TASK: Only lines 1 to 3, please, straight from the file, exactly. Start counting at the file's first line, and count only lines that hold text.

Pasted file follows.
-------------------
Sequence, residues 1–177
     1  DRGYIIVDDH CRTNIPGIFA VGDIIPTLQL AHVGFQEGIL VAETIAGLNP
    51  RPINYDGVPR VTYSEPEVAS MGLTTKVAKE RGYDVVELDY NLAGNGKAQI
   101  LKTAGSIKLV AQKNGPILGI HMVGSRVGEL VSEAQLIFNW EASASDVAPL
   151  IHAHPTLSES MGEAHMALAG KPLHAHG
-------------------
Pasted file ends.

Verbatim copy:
Sequence, residues 1–177
     1  DRGYIIVDDH CRTNIPGIFA VGDIIPTLQL AHVGFQEGIL VAETIAGLNP
    51  RPINYDGVPR VTYSEPEVAS MGLTTKVAKE RGYDVVELDY NLAGNGKAQI